You are here: Home » Economy & Policy » News
Business Standard

India's forest cover growth slows to 8-year low in 2021: Survey

Northeast states see highest decline in forest cover

forests | forest policy | India’s forests

Shreya Jai  |  New Delhi 

India has been reporting an increase in forest and tree cover in every biennial report

India’s forest cover growth has slowed to an eight-year low in 2021, with just 0.22 per cent increase over 2019, down from 0.85 per cent in 2013 and 0.94 per cent in 2017, the highest in the last decade.

The land under forest area has grown by just 1,540 sq km over 2019, according to the Forest Survey of India’s biennial India State of Forest Report (ISFR), 2021.

Similarly, the growth in tree cover is 0.76 per cent in 2021 over 2019, the lowest rate since 2015. As of 2021, the total forest and tree cover comprises 24.62 per cent of the geographical area of the country.

The highest amount of forest cover reduction is happening in the Northeast (N-E) states, which host some of the world’s richest and unique biodiversity. Nagaland has the country’s highest reduction of forest cover of 1.88 per cent (or loss of 235 sq km) since 2019. It is followed by Manipur with 1.48 per cent reduction (loss of 249 sq km), Mizoram 1.03 per cent, Meghalaya 0.48 per cent, and Arunachal Pradesh 0.39 per cent (loss of 257 sq km). Assam, whose forest cover increased since 2015, also saw a decline of 15 sq km in 2021.

The loss of forest cover in the N-E states has intensified in the last decade. The worst of all is Mizoram, which has shown no increase in the past decade and is showing a fast decline in the forest cover. Overall, 11 states witnessed a reduction in their forest cover, including Delhi and West Bengal, which follow the N-E states closely to forest cover loss.


A similar story is being played in the tree cover, too, where the N-E states are leading the pack of states that have seen their tree cover decline over 2019.

Another worrying trend that the report showcases is the increase in forest fire incidents. Between November 2020 and June 2021 period, 345,000 incidents of forest fire were detected by FSI sensors, a 177 per cent increase over incidents detected during November 2019-June 2020.


The Union ministry of environment, forest and climate change (MoEFCC) in a statement said the total forest and tree cover of the country is 80.9 million hectare, which is 24.62 per cent of the geographical area of the country.

“As compared to the assessment of 2019, there is an increase of 2,261 sq km in the total forest and tree cover of the country. Present assessments reveal that 17 states and Union Territories have above 33 per cent of the geographical area under forest cover and that the focus of the government is not just to conserve the quantitatively but to enrich it qualitatively,” said Bhup­ender Yadav, minister for MoEFCC.

While the Centre claims an increase in the forest cover, several independent reports state that it is actually declining. The Global Forest Watch, on its dashboard, says: “From 2002 to 2020, India lost 349 kha of humid primary forest, making up.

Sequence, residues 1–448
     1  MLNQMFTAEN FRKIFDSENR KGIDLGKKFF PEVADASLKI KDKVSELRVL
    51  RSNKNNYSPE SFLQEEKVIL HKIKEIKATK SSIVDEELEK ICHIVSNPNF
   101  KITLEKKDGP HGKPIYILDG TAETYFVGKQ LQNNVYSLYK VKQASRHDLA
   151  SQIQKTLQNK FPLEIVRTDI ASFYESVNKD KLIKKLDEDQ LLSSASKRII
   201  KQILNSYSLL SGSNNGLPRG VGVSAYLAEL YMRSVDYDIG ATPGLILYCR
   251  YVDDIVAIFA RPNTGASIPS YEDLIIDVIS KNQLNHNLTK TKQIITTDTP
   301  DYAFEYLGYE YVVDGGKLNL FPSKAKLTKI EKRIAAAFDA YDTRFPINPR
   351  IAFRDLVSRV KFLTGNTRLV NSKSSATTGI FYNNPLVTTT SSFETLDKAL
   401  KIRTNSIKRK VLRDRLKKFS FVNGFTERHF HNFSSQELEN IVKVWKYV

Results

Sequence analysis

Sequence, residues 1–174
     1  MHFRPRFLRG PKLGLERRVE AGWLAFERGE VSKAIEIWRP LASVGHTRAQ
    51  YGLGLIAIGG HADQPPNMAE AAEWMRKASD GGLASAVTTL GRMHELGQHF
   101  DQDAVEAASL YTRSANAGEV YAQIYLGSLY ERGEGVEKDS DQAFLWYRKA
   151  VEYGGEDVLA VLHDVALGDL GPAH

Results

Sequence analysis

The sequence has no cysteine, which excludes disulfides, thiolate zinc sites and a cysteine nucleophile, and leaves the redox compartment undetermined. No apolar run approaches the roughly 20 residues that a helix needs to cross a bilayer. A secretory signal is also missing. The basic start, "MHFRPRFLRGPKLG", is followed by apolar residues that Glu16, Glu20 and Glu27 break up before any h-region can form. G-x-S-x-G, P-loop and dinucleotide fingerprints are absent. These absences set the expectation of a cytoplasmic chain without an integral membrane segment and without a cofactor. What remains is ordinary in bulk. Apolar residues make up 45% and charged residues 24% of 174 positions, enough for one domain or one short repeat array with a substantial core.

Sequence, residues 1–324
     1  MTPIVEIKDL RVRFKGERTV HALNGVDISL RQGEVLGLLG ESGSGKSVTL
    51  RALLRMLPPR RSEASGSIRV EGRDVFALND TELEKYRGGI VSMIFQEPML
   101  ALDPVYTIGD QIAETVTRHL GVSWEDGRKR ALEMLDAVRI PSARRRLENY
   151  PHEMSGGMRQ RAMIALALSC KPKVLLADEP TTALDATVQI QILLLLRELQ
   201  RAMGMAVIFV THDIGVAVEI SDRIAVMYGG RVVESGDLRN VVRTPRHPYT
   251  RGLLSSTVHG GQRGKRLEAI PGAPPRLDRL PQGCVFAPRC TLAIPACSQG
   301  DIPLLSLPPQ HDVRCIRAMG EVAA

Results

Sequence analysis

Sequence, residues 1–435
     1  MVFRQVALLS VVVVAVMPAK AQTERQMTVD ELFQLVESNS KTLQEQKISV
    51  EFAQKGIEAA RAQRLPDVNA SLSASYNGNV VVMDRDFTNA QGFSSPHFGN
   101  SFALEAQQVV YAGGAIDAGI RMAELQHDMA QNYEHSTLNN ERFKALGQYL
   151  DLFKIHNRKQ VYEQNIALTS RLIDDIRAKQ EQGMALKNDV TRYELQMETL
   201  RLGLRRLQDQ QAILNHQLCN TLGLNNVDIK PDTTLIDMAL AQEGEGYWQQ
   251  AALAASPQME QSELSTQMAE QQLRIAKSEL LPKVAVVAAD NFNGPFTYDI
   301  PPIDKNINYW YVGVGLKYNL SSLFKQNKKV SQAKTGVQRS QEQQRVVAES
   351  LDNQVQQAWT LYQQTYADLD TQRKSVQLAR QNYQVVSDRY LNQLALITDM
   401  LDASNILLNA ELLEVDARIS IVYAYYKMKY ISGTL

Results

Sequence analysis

19 per cent of its tree cover loss in the same time period. The total area of humid primary forest in India fell by 3.4 per cent in this time period.”

India has been reporting an increase in forest and tree cover in every biennial report, but the UN Framework Convention on Climate Change (UNFCC) in 2019 had raised questions over the claims of the government. The expert committee of the UNFCC found the data to be “not accurate”, said reports.

ISFR is a biennial exercise by the Forest Survey of India, which does the assessment of forest cover of the country using mid-resolution satellite data. In the current report, FSI has introduced a new chapter related to the assessment of forest cover in the tiger reserves, corridors, and lion conservation area of India.

Dear Reader,

Business Standard has always strived hard to provide up-to-date information and commentary on developments that are of interest to you and have wider political and economic implications for the country and the world. Your encouragement and constant feedback on how to improve our offering have only made our resolve and commitment to these ideals stronger. Even during these difficult times arising out of Covid-19, we continue to remain committed to keeping you informed and updated with credible news, authoritative views and incisive commentary on topical issues of relevance.
We, however, have a request.

As we battle the economic impact of the pandemic, we need your support even more, so that we can continue to offer you more quality content. Our subscription model has seen an encouraging response from many of you, who have subscribed to our online content. More subscription to our online content can only help us achieve the goals of offering you even better and more relevant content. We believe in free, fair and credible journalism. Your support through more subscriptions can help us practise the journalism to which we are committed.

Support quality journalism and subscribe to Business Standard.

Digital Editor

First Published: Thu, January 13 2022. 23:04 IST